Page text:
This article offers some insight into healthcare assistants (HCAs) work and discusses possible options for training at entry level and beyond. It also looks at required skill sets for those wishing to undertake a role in the area of general patient care.
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Reablement is an intensive short service, usually delivered in the home (or care home), which is offered to those recovering from an illness or injury. Whether it be after surgery or a bout of serious illness, modern medicine is often able to cure their afflictions.
However, for many people, the process of healing doesn’t end at discharge from the hospital. Aftercare of various lengths is typically required for many patients, with varying degrees of intensity.
This article will explain the process of reablement, and what things might take place during the course of aftercare treatment.
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Portable appliance testing is the term used to describe the testing of electrical appliances to ensure they are safe to use. It is often referred to as the acronym PAT. Its purpose is to prevent electrical accidents in the work and home environment. A full PAT test should include both a visual assessment and a more in-depth inspection using specialist PAT testing equipment.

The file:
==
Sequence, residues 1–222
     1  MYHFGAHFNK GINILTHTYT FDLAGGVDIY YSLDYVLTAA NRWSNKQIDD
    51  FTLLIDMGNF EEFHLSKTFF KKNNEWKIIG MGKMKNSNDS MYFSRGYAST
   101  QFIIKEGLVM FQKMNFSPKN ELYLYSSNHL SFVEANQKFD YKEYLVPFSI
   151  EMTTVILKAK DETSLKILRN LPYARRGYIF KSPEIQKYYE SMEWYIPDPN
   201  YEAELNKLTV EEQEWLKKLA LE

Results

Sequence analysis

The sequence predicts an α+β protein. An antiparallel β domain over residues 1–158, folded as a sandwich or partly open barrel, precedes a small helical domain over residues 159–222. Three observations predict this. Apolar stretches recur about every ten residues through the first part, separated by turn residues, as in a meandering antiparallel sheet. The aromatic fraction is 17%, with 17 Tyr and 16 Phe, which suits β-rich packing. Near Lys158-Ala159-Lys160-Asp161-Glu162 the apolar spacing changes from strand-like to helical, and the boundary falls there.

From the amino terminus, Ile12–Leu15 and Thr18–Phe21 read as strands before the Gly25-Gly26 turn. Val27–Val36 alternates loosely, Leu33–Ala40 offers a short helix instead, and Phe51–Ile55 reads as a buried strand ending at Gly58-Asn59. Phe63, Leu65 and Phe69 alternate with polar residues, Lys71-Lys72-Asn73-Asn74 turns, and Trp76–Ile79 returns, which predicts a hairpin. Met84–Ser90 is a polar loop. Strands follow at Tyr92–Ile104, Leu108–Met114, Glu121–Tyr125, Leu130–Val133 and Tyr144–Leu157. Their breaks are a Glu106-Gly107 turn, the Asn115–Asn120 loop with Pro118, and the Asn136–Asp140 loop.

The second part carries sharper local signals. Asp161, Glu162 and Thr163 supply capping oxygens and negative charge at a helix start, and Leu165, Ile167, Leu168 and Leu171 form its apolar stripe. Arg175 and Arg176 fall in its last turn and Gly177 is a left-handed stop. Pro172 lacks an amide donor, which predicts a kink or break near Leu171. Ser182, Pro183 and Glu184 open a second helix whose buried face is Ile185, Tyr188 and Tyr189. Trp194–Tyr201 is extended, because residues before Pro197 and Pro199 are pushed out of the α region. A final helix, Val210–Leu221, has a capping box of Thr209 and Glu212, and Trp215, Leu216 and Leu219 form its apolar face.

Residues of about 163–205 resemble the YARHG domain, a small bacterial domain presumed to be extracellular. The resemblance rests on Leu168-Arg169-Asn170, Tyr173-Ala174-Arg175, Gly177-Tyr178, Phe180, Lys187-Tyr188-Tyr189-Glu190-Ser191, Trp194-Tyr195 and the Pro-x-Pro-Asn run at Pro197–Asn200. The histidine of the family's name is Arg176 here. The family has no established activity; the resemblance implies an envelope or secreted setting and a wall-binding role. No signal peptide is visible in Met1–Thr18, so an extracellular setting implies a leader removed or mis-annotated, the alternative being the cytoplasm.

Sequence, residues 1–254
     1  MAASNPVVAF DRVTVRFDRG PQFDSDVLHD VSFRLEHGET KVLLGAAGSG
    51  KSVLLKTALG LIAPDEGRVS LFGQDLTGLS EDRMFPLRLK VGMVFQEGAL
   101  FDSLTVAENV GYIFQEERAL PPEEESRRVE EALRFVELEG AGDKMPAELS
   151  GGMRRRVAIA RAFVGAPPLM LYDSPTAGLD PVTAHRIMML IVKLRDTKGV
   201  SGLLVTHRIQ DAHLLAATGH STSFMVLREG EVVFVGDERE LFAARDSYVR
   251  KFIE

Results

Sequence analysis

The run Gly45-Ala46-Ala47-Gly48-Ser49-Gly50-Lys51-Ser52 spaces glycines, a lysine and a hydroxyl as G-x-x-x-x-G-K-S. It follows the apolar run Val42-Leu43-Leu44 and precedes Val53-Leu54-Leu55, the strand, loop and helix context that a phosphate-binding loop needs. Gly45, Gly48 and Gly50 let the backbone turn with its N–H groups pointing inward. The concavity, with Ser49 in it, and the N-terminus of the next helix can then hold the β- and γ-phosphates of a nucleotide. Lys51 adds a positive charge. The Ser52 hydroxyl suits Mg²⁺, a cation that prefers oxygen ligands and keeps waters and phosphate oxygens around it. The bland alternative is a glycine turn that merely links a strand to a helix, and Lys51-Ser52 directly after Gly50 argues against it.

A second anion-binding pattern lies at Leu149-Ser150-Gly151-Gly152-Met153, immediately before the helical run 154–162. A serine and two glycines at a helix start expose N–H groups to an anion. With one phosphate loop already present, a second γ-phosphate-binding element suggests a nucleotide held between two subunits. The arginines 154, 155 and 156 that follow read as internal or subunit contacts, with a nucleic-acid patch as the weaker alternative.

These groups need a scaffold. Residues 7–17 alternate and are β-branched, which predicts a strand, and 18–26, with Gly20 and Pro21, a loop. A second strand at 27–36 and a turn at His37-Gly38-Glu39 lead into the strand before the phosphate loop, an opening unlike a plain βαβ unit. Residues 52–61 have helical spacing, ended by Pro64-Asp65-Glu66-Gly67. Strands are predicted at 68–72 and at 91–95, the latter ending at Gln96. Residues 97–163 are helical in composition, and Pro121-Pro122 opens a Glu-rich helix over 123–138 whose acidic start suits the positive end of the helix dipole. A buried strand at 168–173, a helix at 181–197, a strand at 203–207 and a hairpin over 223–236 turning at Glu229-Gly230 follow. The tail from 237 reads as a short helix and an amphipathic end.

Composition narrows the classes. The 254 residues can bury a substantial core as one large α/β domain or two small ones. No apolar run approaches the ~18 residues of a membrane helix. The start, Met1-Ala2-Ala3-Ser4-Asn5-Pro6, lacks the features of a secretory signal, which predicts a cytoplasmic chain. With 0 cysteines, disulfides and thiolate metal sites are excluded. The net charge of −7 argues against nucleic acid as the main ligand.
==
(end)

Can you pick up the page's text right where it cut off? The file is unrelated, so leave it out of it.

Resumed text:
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Depression is a serious mental health condition that affects many thousands of people globally. In the UK alone 3% of people suffer from some form of clinical depression, with numbers rising as high as 20% for more general thoughts of suicidality. As such, understanding proper treatment options for depression is an important element of patient care. This article highlights the primary paths available when treating depression.